Journey of the Magi 

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  • Journey of the Magi
    • Stanza
      • One
        • Lines 1-5
          • Are a quote from a Sermon, written in 1622 for the Nativity
            • But the poem is written mostly from the perspective of the magus, so he wouldn't have known the quote. Eliot also quotes the new testement a lot in this poeem, which the magus would not have
              • Broad narration technique backed up by the use of Anachronism
                • "and the silken girls bringing sherbet." Sherbet did not exist at the turn of the first millennium.
          • Sets up the journey to sound difficult as it's "long" with "weather sharp" in the "very dead of winter."
        • 6-10
          • Talks more about the difficulties of their journey. Their mode of transport has "galled," (is annoyed) and are now "refractory," (they've given up
          • The Magi now regret all the luxury that they lived in, prior to their "journey"
        • 11-15
          • Talks of more hardships. The camel men are running away or complaining about wanting "liquor or women," they can't keep a fire going, there's a lack of shelter, villages are "dirty," "hostile," and are "charging high prices."
            • Second voice is making allusions about things that the magus couldn't know about again, such as how Jesus was born in a manger.
        • 16-20
          • Again, more hardship. The magi decide to only sleep when necessary, so they don't have to prolong the journey any more.
          • There are "voices singing" in the magi's ears, telling them that "this was all a folly." This implies that the 'devil on their shoulders' are looking for an excuse to not continue the journey- how likely is it that the savior of the world was born in a manger?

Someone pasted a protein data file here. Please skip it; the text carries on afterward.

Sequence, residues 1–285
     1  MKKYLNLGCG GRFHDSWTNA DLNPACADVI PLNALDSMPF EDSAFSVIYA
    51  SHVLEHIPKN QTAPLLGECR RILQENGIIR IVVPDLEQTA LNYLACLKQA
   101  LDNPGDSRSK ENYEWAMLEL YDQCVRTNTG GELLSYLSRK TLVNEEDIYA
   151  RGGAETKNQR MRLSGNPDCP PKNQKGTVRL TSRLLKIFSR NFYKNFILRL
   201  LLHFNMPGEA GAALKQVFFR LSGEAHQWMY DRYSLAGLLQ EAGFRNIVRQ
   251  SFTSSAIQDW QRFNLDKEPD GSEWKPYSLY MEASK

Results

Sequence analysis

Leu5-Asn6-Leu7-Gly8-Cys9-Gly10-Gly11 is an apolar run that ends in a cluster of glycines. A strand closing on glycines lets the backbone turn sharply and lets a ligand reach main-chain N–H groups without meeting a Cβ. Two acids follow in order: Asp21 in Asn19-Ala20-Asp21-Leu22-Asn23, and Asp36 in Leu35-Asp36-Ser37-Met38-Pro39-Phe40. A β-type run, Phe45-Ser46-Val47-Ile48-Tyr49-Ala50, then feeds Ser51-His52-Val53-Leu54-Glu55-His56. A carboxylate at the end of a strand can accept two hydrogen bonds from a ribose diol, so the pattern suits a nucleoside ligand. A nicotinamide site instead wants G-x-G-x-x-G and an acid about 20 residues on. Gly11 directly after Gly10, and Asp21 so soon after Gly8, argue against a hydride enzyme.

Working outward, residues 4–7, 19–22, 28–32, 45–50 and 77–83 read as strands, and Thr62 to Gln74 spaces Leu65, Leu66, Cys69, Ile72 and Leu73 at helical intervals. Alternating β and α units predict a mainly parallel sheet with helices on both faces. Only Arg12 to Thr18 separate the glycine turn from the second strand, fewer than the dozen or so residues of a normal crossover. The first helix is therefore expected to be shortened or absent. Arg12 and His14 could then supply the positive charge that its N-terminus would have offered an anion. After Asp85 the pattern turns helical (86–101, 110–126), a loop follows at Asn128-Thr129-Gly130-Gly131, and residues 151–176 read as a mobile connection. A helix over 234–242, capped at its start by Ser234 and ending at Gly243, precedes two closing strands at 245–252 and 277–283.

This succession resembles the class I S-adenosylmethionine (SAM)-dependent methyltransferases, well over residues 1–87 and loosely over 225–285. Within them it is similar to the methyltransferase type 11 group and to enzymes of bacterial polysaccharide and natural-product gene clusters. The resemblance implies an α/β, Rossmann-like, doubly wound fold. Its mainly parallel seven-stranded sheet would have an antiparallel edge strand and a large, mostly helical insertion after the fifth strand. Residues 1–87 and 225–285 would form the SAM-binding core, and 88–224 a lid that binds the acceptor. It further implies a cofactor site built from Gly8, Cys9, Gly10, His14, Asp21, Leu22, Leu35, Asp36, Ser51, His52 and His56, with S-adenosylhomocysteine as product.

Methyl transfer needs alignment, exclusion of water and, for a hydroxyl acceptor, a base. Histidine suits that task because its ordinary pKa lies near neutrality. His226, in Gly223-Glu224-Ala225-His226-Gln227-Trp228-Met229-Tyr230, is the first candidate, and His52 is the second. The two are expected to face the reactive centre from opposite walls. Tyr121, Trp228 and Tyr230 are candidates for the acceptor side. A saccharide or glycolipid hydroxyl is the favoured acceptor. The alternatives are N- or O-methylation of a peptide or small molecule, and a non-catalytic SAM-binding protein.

• Two
        • 21-24
          • There is a symbolic change of scenery, from the harsh winter into "temperate" Spring.
            • Perhaps the second narrator is using the change of scenery to symbolise the coming of baby Jesus?
          • The "three trees" could be the other narrator talking about the death of Christ, which we know happened in Spring, through the magus again, since two others were upon that hill with Jesus that day.
        • 25-28
          • The "old white horse" that is galloping "away" from the scene in this stanza, could be representative of God or the four horses of the apocalypse. Jesus has either sent the horses away or God is retreating for a while, after bestowing his son upon the earth.
          • There are also some religious allusions in here. First, the word lintel alludes to the story of Passover in which God instructed the Israelites to splash blood over their doors (on the lintel) to protect their first born children. Then we've got the six pieces of silver which could be referring to the Gospel of Matthew, in which Judas is paid thirty pieces of silver for betraying Jesus.
      • Three
        • 32-36
          • Reveals that this all happened " a long time ago," so the magus could be recalling this all in his old age, or it could be that the stanza has rocketed forward in time.
          • The magus tells us that, despite his hardship, he "would do it again." BUT he doesn't know if he was lead to a "birth or death." Of course, Jesus was born, but what about the death?
        • 37-39
          • The magus goes on to tell us that he has literally seen a "birth and death," however, he says that he "thought they were different."
            • The magus may be telling us about the birth of Jesus and the death of him, (the crucifixion), or he could be talking about the death of an era, in which the magi were in charge and had power.
        • 40-43
          • The magi do not come back to the luxury they were hoping for, but instead, they come back to people who seem "alien," clutching their false idols and such.
          • The Magus wishes for a death. His death? Jesus' death? If it is Jesus' death that he is wishing for, is this because Jesus has taken all of his power, or because hi
    • Form
      • Broad narration technique backed up by the use of Anachronism
        • "and the silken girls bringing sherbet." Sherbet did not exist at the turn of the first millennium.
    • Themes
      • Nature
      • Death
      • Religion
      • Suffering
      • Traditions and customs
  • Reveals that this all happened " a long time ago," so the magus could be recalling this all in his old age, or it could be that the stanza has rocketed forward in time.

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